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Chapter 4. Civil Liberties. Civil Liberties/Civil Rights. Civil liberties Restrain government’s action against individuals Limits on government power outlined in Bill of Rights , first 10 amendments to Constitution, 371-2 What government can’t do… Civil rights

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Chapter 4


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    Presentation Transcript
    1. Chapter 4 Civil Liberties

    2. Civil Liberties/Civil Rights • Civil liberties • Restrain government’s action against individuals • Limits on government power outlined in Bill of Rights, first 10 amendments to Constitution, 371-2 • What government can’t do… • Civil rights • Rights individuals share as provided for in 14th amendment, guarantees due process and equal protection under law, 373 • What government must do…(e.g., protect individuals from discrimination; unequal treatment, etc.)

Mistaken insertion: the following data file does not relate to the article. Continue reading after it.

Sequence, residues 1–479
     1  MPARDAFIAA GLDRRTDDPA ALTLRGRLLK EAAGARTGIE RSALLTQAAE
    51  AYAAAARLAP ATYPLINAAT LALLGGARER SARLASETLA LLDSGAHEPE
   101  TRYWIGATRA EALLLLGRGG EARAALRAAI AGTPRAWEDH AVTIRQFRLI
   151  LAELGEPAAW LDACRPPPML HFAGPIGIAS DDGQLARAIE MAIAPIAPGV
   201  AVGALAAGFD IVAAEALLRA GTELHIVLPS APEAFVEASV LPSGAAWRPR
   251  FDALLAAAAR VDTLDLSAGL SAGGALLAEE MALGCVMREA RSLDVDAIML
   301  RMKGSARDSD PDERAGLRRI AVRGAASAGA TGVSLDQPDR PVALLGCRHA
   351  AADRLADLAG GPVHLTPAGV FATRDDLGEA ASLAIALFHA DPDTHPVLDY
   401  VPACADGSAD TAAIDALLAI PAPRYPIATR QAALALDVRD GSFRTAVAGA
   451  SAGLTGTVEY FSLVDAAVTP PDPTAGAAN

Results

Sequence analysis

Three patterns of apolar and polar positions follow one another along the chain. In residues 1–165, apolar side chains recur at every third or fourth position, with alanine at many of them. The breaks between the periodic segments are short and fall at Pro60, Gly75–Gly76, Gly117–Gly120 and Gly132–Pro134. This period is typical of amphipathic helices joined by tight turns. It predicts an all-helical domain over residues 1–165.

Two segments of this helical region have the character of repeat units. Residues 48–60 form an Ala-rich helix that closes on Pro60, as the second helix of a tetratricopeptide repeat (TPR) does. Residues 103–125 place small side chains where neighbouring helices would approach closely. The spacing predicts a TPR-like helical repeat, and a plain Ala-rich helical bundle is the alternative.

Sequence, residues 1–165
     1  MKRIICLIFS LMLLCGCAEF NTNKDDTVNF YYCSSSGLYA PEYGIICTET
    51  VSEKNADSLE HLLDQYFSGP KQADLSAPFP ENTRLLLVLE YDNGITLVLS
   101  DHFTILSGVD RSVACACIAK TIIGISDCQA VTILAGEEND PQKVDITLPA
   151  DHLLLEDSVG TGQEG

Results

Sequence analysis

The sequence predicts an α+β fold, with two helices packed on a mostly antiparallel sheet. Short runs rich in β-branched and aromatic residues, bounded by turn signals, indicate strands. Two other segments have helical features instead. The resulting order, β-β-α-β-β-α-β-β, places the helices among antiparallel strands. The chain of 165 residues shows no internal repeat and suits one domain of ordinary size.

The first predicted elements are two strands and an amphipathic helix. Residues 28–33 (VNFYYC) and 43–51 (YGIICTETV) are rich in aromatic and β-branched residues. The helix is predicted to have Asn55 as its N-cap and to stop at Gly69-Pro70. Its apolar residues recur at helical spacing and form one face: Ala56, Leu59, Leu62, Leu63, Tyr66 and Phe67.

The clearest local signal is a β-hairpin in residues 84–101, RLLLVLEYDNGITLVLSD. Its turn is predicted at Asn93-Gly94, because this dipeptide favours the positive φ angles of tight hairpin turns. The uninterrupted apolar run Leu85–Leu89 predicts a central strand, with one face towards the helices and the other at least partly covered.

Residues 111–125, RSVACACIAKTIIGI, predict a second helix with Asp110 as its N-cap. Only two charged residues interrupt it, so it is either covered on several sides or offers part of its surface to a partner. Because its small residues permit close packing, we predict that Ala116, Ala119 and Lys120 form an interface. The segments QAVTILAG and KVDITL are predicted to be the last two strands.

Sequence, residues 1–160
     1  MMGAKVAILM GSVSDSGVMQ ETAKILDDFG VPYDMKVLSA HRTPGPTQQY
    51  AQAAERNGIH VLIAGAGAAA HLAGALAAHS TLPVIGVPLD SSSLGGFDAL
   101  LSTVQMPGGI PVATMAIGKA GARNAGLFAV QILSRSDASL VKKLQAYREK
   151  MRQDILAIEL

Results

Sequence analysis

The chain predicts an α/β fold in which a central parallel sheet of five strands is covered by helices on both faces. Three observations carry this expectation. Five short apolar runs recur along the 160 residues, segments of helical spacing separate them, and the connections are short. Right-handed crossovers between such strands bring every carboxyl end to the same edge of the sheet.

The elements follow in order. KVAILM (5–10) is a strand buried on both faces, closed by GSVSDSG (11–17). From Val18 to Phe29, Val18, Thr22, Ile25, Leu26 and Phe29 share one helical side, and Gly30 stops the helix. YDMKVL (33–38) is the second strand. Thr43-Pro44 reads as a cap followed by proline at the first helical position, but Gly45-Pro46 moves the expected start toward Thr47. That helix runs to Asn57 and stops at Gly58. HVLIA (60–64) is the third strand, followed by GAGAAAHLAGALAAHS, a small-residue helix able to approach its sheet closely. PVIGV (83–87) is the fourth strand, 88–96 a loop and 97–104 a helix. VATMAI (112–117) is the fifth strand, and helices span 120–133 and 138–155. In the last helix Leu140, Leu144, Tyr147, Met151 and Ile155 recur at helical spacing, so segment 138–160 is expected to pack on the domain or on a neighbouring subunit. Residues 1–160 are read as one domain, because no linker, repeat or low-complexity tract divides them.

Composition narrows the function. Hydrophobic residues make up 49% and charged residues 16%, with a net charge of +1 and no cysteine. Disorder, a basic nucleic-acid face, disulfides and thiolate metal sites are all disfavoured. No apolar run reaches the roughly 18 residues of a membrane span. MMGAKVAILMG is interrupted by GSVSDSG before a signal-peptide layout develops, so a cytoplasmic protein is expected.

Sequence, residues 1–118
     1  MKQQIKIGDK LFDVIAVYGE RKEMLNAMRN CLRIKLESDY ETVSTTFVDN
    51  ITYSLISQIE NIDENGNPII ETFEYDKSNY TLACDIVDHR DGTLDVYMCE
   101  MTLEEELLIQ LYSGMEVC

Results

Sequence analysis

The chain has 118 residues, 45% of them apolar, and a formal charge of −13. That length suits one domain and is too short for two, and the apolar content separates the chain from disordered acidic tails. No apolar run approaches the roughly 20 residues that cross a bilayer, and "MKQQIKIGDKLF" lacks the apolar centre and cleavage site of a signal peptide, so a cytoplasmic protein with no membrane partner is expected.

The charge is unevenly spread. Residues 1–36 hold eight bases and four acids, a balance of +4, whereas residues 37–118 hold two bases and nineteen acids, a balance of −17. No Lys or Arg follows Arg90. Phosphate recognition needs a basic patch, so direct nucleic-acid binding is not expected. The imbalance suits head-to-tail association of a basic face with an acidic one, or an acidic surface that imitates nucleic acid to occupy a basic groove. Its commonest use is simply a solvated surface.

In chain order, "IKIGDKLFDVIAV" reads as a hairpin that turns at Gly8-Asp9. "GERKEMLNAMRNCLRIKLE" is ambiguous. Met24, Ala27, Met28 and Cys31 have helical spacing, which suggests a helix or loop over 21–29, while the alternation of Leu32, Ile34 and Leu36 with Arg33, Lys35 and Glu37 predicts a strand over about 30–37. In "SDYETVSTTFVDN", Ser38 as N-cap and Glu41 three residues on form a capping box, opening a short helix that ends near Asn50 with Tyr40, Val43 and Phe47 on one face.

3. Liberties/Rights and Courts • Judicial interpretations shape nature of civil liberties and civil rights • Change over time depending on changing interpretations • Not “set in stone” • Hence, importance of judicial appointments and numerous references to court cases

    4. Incorporation Theory • Bill of Rights • Initially aimed at protecting citizens against encroachments by national government • Grew out of fear of tyranny • Part of constitutional compromise aimed at limiting federal government’s power • Incorporation theory • View protections of Bill of Rights apply to state governments through 14th Amendment’s (ratified in 1868) due process clause; see page 373

    5. Table 4-1: Incorporating Bill of Rights into 14th Amendment, 67

    6. Discussion Question • Why is the Fourteenth Amendment so important to civil liberties?